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5 Tips: How to Plan a Great Fantasy Football League
- Plan your draft well in advance. More and more leagues are moving online, but a real draft is still a significant time commitment, and it’s hard to get a dozen people to find a few hours when they can all participate. If you are holding your draft in person, you may want to decide on the venue as early as possible. Renting out a room in a restaurant is a great idea, and depending on the restaurant, can be pretty affordable. If you’re holding it at your house, make sure it’s okay with your wife/husband first, and don’t skimp on the food and beer. Over-ordering a bit is far better than under-ordering. Related to this, Keep your league at maximum 16. Any more dilutes the available FA talent pool and will result in a less competitive league.
- Collect money early. Collecting money at the end of the season is a terrible, terrible idea. As soon as you have finalized the list of participants, start collecting money immediately. You may even want to collect a little extra money for the “commissioner fee”. Just make sure to be upfront and transparent about it. Obviously collecting money from family, friends and co-workers can be awkward. The most common ways to collect leagues fees are PayPal, cash and checks. Those methods are tough, though, because you need to chase people down and keep money in three different place. WePay can help you collect league fees for Fantasy Football.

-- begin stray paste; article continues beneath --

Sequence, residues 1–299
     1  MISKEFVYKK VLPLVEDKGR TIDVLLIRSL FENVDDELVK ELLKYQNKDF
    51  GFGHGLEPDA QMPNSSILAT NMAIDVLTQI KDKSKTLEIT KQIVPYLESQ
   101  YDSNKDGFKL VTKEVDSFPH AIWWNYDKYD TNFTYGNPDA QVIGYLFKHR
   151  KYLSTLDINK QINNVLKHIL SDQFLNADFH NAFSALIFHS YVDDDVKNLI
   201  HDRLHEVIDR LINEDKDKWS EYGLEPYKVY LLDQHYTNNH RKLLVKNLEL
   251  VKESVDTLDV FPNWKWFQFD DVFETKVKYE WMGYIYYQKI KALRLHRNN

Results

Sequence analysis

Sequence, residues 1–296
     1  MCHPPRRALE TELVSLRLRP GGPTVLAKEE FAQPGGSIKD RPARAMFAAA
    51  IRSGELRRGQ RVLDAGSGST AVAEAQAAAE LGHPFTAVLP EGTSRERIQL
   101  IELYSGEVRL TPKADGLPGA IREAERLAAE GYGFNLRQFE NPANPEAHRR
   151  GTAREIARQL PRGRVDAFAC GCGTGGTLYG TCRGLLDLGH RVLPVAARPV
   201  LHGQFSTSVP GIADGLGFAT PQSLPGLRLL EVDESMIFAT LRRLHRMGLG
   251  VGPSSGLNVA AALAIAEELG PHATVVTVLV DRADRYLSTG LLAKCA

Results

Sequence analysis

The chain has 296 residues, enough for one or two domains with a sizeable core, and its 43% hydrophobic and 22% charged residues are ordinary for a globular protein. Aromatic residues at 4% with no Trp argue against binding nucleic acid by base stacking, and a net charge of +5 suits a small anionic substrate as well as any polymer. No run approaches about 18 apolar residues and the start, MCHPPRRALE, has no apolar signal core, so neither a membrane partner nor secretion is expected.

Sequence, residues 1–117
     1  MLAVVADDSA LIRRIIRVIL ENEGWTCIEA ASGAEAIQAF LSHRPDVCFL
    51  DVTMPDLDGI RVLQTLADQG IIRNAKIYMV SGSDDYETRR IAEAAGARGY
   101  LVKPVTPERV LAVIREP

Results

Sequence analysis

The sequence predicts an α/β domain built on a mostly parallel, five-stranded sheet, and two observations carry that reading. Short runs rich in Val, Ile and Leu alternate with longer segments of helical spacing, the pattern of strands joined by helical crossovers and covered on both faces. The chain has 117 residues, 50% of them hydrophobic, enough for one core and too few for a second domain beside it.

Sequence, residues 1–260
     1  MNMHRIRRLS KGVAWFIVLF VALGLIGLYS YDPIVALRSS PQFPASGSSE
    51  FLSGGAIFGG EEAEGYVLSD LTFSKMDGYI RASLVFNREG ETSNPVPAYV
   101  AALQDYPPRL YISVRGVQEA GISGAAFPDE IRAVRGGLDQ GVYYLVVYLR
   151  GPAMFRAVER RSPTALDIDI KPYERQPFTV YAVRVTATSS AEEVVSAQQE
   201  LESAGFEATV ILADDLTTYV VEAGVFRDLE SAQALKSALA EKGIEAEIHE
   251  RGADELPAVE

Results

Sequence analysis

- Keep teams engaged during the season. This comes pretty naturally for experienced leagues, since passion and tension usually run high during the season. However, for newer leagues, it’s often easy to lose the excitement as the season progresses – especially for teams at the bottom of the rankings. Trash talk and mockery usually help. So do regular Sunday gatherings to watch the games. Try to promote trades and other transactions. Also, Keep the scoring simple at the beginning. After your members are comfortable with draft strategies for a basic scoring league you can add more complexity. Making it complicated at the beginning will result in a less competitive league depending on how fast the members can create effective draft and acquisition strategies.
- Don’t do winner-take-all. Not only will this help people stay engaged, it will keep more people in the running, and more games will “matter” toward the end of the season. Keep the payout simple, though – This will make it easy to distribute the money at the end. I have kept the payout for Playoff Champ, Regular Season Champ, High Points, and 2nd place Playoffs.
- Give out “awards” at the end. My favorite: the team that comes in last place has to buy the beer for next season. It’s fun, and it’s a great transition to next year’s league. More serious awards are good, too. For example, an award to the person that did the most transactions, worst/best draft pick, etc.